The Los Angeles County Metropolitan Transportation Authority (Metro) on May 25 approved a $9 billion budget for Fiscal Year 2024 (FY24), which includes key capital investments intended to “put Metro’s customers first.”
According to Metro, the agency’s new budget (download below), approved by the Metro Board of Directors, will “fund an equitable service plan that improves transit service frequency and reliability for Metro riders, enhances cleanliness and safety on the transit system, and funds the continued integration of Metro’s growing portfolio of countywide transportation projects.”
The balanced budget, Metro says, represents a 2.6% increase over last year’s $8.7 billion budget and covers the fiscal year that begins July 1, 2023, through June 30, 2024.
To get Metro riders where they need to go more reliably in the next fiscal year, Metro has invested $2.9 billion of its budget (a 5% increase over FY23) specifically in transit operations, which will allow Metro to operate 8.9 million revenue service hours of transit services in FY24 compared to the current 7.5 million revenue service hours it operates today. This increased level of service, Metro says, is nearly 10% higher than it was before the COVID-19 pandemic precipitated major ridership declines in Los Angeles County and across the country.
Metro’s FY24 budget also includes total bus investments of nearly $1.9 billion, a 6.6% increase over the previous year’s budget.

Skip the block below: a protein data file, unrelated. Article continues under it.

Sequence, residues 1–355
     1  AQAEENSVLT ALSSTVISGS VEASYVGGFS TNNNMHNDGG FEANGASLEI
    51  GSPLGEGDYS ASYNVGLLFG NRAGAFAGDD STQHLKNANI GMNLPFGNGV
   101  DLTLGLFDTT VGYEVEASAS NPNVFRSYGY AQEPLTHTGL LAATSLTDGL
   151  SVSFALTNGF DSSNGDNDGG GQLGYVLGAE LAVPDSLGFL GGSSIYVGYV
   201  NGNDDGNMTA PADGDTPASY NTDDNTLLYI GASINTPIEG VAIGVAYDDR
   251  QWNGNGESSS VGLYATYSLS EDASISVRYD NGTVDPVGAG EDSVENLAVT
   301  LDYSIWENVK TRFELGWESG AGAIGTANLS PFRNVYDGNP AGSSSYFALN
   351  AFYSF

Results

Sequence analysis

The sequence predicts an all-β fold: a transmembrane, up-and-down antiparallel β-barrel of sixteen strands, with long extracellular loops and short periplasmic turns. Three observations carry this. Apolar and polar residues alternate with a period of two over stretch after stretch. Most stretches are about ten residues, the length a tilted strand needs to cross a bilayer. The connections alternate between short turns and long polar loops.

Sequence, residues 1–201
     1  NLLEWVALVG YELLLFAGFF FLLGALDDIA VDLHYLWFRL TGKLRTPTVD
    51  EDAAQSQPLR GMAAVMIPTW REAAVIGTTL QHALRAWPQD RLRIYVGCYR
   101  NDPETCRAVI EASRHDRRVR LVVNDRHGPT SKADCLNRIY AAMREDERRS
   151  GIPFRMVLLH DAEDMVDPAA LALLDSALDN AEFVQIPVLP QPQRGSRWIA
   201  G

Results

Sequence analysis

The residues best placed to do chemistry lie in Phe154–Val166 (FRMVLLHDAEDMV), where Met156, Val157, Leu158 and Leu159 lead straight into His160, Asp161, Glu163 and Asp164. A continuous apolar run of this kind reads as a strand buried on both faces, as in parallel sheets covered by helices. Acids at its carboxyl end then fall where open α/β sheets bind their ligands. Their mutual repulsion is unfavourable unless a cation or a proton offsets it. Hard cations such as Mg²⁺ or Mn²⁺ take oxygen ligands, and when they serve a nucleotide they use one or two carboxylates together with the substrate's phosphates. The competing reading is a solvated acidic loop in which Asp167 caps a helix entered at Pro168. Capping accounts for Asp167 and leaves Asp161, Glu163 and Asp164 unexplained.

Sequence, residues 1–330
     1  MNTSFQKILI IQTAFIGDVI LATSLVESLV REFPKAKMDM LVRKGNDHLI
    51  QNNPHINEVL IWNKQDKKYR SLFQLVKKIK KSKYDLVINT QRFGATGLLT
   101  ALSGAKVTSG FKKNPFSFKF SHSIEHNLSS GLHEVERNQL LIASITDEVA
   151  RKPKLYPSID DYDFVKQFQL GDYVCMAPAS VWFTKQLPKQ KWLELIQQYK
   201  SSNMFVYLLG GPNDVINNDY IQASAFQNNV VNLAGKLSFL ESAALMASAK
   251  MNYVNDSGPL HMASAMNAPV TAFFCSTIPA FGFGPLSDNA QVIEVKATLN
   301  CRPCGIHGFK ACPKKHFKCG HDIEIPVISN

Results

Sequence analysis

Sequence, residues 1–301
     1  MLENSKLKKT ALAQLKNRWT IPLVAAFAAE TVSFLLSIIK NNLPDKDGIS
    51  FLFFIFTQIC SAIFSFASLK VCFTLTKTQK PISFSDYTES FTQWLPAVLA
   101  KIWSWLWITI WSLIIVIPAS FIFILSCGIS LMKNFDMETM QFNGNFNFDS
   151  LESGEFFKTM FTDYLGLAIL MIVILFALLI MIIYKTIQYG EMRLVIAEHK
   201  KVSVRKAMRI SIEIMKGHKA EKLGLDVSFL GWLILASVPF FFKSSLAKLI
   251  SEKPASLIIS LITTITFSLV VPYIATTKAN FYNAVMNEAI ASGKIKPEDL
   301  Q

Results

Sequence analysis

To deliver a cleaner transit system, Metro is investing more than $200 million of its new budget specifically in cleaning efforts, a 13% increase from FY23. Metro will create 10 roving cleaning teams on the system and plans to hire 24 full-time and 50 part-time custodians to specifically clean the Metro B and D Lines (Red/Purple). The agency is also increasing the frequency of cleaning, expanding “in-line” and mid-day bus interior cleaning, end-of-line cleanings on rail lines and station hotspots, and expanding cleaning activities at Metro’s most traveled stations and terminals.
According to Metro, the agency’s FY24 budget also includes $290.5 million to improve safety for customers, which constitutes a 3.7% increase over last year’s budget. Metro says it has “reassessed and reimagined” its approach to public safety and is implementing transformational change through its multi-layered public safety approach that includes a combination of Metro Ambassadors, Transit Security Officers, contract security, law enforcement and homeless and mental health outreach teams on its system. Metro is also investing in enhanced security cameras, fare gates, lighting and other security infrastructure to make its system as safe as possible for customers.
For example, Metro is piloting a range of initiatives to improve conditions at its Westlake/MacArthur Park Station. Combined, the agency says, they are having a “measurable improvement” on public safety, with significant drops in reported crimes, calls for emergency service and service calls. This pilot will inform Metro’s safety approaches at other stations, as well.
The agency has also implemented a Drug-Free Metro campaign that enforces Metro’s prohibition against illegal drug use on buses and trains. Transit security officers have issued hundreds of citations and warnings for Code of Conduct violations and law enforcement has made hundreds of drug-related and trespassing arrests as part of this campaign.